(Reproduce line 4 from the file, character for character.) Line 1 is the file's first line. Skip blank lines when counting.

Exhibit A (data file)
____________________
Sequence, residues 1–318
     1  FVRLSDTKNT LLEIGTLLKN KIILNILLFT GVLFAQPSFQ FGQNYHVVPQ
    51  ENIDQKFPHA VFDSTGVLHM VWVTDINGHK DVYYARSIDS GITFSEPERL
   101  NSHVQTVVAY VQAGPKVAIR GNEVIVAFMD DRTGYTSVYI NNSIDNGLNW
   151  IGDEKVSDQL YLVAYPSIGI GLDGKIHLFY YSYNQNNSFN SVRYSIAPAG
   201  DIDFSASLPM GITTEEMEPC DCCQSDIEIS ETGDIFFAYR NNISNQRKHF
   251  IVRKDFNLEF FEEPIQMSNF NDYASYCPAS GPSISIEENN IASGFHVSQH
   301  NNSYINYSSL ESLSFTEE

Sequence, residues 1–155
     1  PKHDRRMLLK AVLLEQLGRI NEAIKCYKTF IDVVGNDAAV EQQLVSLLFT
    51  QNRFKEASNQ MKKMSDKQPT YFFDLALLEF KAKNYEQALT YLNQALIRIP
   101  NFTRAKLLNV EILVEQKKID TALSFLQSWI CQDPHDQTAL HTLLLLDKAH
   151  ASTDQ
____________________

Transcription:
   101  NSHVQTVVAY VQAGPKVAIR GNEVIVAFMD DRTGYTSVYI NNSIDNGLNW